Posted by: Ravi Saraogi | August 11, 2012

Change of blog address…

I have changed the blog address to www.economese.wordpress.com

Please click on the above link.

Thank you

 

 

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Posted by: Ravi Saraogi | July 7, 2012

A Guide to the Gold Standard

April 1933, the US goes off the gold standard

The April 20, 1933 edition of the The New York Times read, “GOLD STANDARD DROPPED TEMPORARILY TO AID PRICES AND OUR WORLD POSITION; BILL READY FOR CONTROLLED INFLATION.”

The temporary suspension of the gold standard turned out to be anything but temporary, which reminds me of a Milton Friedman quote, “Nothing is so permanent as a temporary government program.”

The purpose of this post is to show that it is technically possible to implement a gold standard today. Many criticisms against the gold standard claim that it is not possible to shift to a gold standard. These criticisms range from – the money supply will fall, there will be chaos if many agencies control money supply, there is not enough gold in the world to shift to a gold standard. These criticisms are baseless and betray an understanding of what money really is.

Once we have clarified  (hopefully) that it is technically possible to implement a gold standard, whether we should shift to a gold standard is an altogether different question. So, the way to argue against the gold standard is to debate along ideological lines. If someone argues that we should not implement the gold standard because the government should control the money supply, that’s fine. The nature of the debate then  boils down to whether the government should control the money supply or not. However, if one argues against the gold standard saying that it is not possible to implement the same, the debate does not stand any merit.

I myself am guilty of the same misunderstandings that I attempt to clarify through this post. On 4 December , 2010, I had put a post in this blog with the title In defense of fiat moneyMuch of what you will read in this post will directly contradict what was argued earlier.

What is so special about gold?

First and foremost, the Austrian economists do not support the gold standard because it has some mystical properties. As our economy moved from barter to exchange based on money, gold came to be widely accepted as the best medium of exchange. This was because gold satisfied the many qualities of a good medium of exchange, like acceptability, durability, portability, homogeneity, scarcity.

Murray Rothbard in his book, What has the government done to our money, says

Historically, many different goods have been used as media (medium of exchange): tobacco in colonial Virginia, sugar in the West Indies, salt in Abyssinia, cattle in ancient Greece, nails in Scotland, copper in ancient Egypt, and grain, beads, tea, cowrie shells, and fishhooks. Through the centuries, two commodities, gold and silver, have emerged as money in the free competition of the market, and have displaced the other commodities.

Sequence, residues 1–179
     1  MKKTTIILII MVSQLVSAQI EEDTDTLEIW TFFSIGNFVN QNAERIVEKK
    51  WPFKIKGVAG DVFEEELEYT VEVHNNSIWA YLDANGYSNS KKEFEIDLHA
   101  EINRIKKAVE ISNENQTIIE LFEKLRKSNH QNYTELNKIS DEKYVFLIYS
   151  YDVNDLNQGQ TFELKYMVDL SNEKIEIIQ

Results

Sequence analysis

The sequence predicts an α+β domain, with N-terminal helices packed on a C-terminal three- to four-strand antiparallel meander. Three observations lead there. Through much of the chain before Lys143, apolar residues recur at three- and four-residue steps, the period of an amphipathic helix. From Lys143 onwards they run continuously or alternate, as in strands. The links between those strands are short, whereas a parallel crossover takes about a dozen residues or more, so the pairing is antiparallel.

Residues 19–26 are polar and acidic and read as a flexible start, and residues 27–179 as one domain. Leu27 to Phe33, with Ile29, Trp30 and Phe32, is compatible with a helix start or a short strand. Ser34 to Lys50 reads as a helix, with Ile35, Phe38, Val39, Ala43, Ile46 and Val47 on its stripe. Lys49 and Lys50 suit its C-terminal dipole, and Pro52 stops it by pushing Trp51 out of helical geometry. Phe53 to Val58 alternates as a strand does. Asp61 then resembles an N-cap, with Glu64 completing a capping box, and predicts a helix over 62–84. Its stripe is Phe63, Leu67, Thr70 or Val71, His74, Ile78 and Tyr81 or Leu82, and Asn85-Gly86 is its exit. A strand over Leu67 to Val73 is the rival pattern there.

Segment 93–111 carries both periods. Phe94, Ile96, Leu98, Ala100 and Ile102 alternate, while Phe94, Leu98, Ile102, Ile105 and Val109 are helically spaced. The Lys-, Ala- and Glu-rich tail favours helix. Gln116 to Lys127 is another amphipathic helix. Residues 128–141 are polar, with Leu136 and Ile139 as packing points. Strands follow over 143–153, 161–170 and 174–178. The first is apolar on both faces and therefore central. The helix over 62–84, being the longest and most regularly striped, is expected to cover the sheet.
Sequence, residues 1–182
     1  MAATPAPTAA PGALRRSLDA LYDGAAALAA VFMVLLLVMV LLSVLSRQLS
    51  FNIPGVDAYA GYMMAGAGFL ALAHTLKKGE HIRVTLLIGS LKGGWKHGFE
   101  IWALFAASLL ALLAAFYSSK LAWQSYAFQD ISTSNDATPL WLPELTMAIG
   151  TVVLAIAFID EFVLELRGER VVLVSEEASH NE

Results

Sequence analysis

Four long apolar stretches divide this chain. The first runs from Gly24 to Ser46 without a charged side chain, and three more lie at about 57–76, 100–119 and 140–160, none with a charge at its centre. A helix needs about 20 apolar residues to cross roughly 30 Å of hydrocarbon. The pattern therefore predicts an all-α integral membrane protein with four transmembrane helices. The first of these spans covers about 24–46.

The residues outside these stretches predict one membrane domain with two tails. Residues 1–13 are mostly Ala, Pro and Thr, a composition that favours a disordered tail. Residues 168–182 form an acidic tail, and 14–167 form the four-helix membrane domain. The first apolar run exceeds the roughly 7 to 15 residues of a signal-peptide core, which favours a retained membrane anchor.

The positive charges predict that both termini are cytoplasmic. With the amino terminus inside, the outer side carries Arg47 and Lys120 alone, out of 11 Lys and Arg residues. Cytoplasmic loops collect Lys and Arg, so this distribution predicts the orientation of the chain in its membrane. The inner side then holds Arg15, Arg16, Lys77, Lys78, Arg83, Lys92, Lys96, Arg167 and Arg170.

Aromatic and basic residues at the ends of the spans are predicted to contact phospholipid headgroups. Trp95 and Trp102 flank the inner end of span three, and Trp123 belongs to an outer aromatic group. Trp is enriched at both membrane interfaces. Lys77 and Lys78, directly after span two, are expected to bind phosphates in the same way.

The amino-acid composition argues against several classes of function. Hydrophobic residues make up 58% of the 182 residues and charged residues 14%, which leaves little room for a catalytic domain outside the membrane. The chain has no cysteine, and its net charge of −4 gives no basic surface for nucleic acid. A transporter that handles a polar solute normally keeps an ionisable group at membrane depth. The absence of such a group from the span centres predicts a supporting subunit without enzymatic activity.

Thus, the Austrians support the gold standard as gold is what the market accepted as money before the government monopolized the money supply. It is not for any economist to decide what commodity should be used as money. Our monetary history suggests that gold was established by the market as the best form of money. In case some other commodity had been established as money, we would have been arguing for a monetary system based on a different commodity.

What is the Gold Standard?

Simply put, a gold standard means a monetary system based on the commodity gold. Does this mean you will have to carry gold bars in trucks to make payment for buying real estate? No. You can make payments in paper receipts which will be redeemable in gold. Who has the obligation to redeem the paper receipts for gold? Obviously, the entity who has issued the receipts; which brings us to a very contentious question – who has the right to issue such redeemable paper receipts?

In a gold standard, anybody who has gold can issue such receipts. Suppose the government has gold reserves of 1 tonne. It can issue its own paper receipts, say the ‘dollar’ and define it as equal to 1 gram of gold. This will allow the government to issue 1 million dollars. Similarly, anyone can take out their own paper receipts. If you have 1 tonne of gold, you can take out your own receipts, and label it ‘rupiya’ and define it as 1 kg of gold. This will allow you to print 1000 rupiya. You can take this rupiya to the market and buy goods and services.